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Neuropsychologia. 2014 Apr;56:178-83. doi: 10.1016/j.neuropsychologia.2014.01.015. Epub 2014 Jan 31.

Influence of methylphenidate on spatial attention asymmetry in adolescents with attention deficit hyperactivity disorder (ADHD): preliminary findings.

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Developmental Imaging, Murdoch Childrens Research Institute, Royal Children׳s Hospital, Melbourne 3052, Australia; Department of Paediatrics, University of Melbourne, Melbourne 3052, Australia.
School of Psychology and Psychiatry, Monash University, Melbourne 3800, Australia.
Centre for Research on Ageing, Health & Wellbeing, Australian National University, Canberra ACT 0200, Australia.
Academic Child Psychiatry Unit, Department of Paediatrics, University of Melbourne, Royal Children׳s Hospital, Melbourne 3052, Australia.
School of Psychology and Psychiatry, Monash University, Melbourne 3800, Australia. Electronic address:


Atypical asymmetries of spatial attention have been reported in children with attention deficit hyperactivity disorder (ADHD) and may be exacerbated by non-spatial factors such as attentional capacity. Although preliminary evidence suggests that asymmetries of attention in ADHD may be modifiable by the psychostimulant, methylphenidate, further placebo-controlled studies are required. This study first aimed to confirm recent evidence that increasing non-spatial processing load at fixation can unmask a spatial gradient of target detection in children with ADHD but not Controls. Second, we used placebo-controlled randomised trial methodology to ask whether 20mg of methylphenidate (MPH) could remediate any load-dependent asymmetry of spatial attention in adolescents with ADHD. Twelve male adolescents with ADHD were assessed twice in a double-blind, randomized design, under either placebo or an acute dose of methylphenidate. Thirteen typically developing adolescent Controls completed a single session under placebo. Participants completed a computer-based task in which they monitored a centrally presented rapid serial visual presentation stream for a probe stimulus, while also responding to brief peripheral events. The attentional load of the central task was manipulated by varying the target instructions but not the physical stimuli or the frequency of targets. Between-group analyses under placebo conditions indicated that increased attentional load induced a spatial gradient for target detection in the ADHD but not Controls, such that load slowed response times for left, but not, right hemi-field targets. This load-dependent spatial asymmetry in the adolescents with ADHD was abolished by administration of methylphenidate. Methylphenidate may "normalise" target detection between the hemi-fields in ADHD via enhancement of the right-lateralised ventral attention networks that support non-spatial attention.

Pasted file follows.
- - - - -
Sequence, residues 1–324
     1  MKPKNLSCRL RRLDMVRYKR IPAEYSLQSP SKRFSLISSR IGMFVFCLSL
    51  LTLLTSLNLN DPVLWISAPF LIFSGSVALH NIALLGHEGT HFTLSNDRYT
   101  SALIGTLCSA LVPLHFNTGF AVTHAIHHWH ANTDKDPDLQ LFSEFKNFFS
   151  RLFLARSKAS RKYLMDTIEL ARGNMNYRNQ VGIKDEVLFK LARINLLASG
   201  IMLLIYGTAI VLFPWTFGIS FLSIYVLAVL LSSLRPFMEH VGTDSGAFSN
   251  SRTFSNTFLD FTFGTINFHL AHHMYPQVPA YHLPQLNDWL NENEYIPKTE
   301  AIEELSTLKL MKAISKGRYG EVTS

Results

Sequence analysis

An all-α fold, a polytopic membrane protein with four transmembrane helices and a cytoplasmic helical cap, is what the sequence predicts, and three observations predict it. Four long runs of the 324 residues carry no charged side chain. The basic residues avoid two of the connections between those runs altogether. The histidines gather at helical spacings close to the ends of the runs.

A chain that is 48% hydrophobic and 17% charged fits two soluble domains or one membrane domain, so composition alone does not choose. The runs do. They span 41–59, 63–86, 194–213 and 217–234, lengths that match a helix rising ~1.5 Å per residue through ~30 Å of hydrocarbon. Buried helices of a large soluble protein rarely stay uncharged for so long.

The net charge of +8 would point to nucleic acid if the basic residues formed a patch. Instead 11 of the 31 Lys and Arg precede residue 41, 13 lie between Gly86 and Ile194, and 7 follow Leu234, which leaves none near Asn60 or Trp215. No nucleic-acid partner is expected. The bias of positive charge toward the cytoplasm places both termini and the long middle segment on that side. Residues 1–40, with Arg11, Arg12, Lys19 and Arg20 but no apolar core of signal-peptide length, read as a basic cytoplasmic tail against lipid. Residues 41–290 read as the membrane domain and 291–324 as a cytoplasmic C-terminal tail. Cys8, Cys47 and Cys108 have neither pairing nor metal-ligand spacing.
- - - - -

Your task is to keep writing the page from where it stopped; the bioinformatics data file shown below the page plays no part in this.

ADHD; Asymmetry; Attention; Load; Methylphenidate; Neglect

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